SAN FRANCISCO—The U.S. Securities and Exchange Commission (SEC) Thursday (July 19) charged the chairman and CEO of solid-state drive (SSD) maker STEC Inc. with insider trading, alleging that he sold a significant portion of his shares in the company with the knowledge that demand from a major customer would be lower than expected.
The SEC complaint alleges Manouchehr Moshayedi sold shares owned by he and his brother, Mark Moshayedi, a STEC co-founder, in a secondary offering in 2009 despite knowing that demand from EMC Corp. for an SSD called ZeusIOPS would be significantly lower than previously stated. The complaint further alleges that Moshayedi engineered a secret deal with EMC to prevent knowledge of its reduced demand for the product from coming to light prior to the sale of the shares. Each of the Moshayedis netted about $134 million on the deal, according to the SEC complaint.
The SEC complaint, filed in U.S. District Court in Central California, charges Moshayedi with securities fraud. It asks the court to order him to forfeit the proceeds from the stock sale and pay interest and penalties. It also asks the court to bar him from serving as an officer or director of any public company.
"Moshayedi put his own self-interest ahead of his responsibility to lead a public company, and shareholders who placed their trust in him suffered as a result," said Michele Wein Layne, director of the SEC’s Los Angeles regional office, in a statement. "Company insiders are strictly prohibited under the securities laws from exploiting corporate dealings for private gain, particularly in the secretive and manipulative manner that Moshayedi did."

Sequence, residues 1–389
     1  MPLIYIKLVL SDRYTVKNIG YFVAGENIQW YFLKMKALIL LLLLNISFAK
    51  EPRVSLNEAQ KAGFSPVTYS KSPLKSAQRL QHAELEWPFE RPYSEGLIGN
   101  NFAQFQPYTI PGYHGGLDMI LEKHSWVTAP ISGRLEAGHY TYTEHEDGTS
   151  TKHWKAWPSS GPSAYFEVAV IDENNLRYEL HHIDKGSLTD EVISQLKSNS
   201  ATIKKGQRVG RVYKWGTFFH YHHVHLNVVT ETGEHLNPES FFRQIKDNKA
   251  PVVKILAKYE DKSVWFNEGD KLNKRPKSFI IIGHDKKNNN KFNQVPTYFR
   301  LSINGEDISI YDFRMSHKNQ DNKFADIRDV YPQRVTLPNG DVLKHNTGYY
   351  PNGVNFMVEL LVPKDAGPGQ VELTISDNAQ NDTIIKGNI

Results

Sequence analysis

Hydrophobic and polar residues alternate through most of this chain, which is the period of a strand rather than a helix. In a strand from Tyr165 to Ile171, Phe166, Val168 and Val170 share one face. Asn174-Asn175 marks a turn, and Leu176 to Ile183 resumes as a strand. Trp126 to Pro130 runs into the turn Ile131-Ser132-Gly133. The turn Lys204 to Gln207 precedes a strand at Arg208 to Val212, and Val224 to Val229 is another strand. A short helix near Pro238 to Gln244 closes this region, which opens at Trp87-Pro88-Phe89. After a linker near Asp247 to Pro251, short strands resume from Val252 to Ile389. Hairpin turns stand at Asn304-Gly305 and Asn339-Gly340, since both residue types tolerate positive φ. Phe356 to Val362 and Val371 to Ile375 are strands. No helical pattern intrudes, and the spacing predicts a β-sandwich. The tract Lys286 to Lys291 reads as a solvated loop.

In a statement, STEC (Santa Ana, Calif.) said the SEC had notified the company it would not bring charges against the company or any of its other executives.
"With the conclusion of the investigation, we remain confident that an independent trier of fact will find that the commission's allegations against Manouch Moshayedi, our chief executive officer, are without merit," said Kevin Daly, STEC's lead independent director.
Gary Mobley, an analyst with Benchmark Capital, said in a report circulated Friday that the SEC has been investigating the 2009 deal for over a year. He said that if Moshayedi is forced to step down as a result of the complaint, it could increase the likliehood of an outright sale of STEC.
"While the company is between product cycles, STEC does have significant enterprise-class SSD IP," Mobley said. "Also, the company does have $206 million in cash."
Mobley maintains a "hold" rating on STEC's stock—largely because of the investigation, he said—and a price target of $8 per share. STEC's shares traded at $7.53 in afternoon trading Friday, down about 1 percent from Thursday's close.
The SEC complaint alleges that Moshayedi sought to take advantage of an upward trend in the stock price of STEC by selling shares owned by he and his brother, in a secondary stock offering set to coincide with the release of the company’s financial results for the second quarter of 2009. But in the days leading up to the offering, Moshayedi learned that demand from EMC for ZeusIOPS SSDs would be significantly lower than previously stated, according to the SEC.
The complaint also alleges that Moshayedi convinved EMC to buy $55 million worth of the ZeusIOPS SSDs in the third quarter of 2009—far more than EMC needed in the quarter—in exchange for a $2 million discount on the product in the fourth quarter. The SEC maintains that Moshayedi made the deal with EMC so that STEC could hit its third quarter sales target and analyst estimates, thus preventing the stock price from falling.
There is a quote in our local area here, "The one who caught is called thieve", otherwise this is business, and everyone doing business will be looking benefit of his only, this is the reason why there are frequent switching in jobs is happening.
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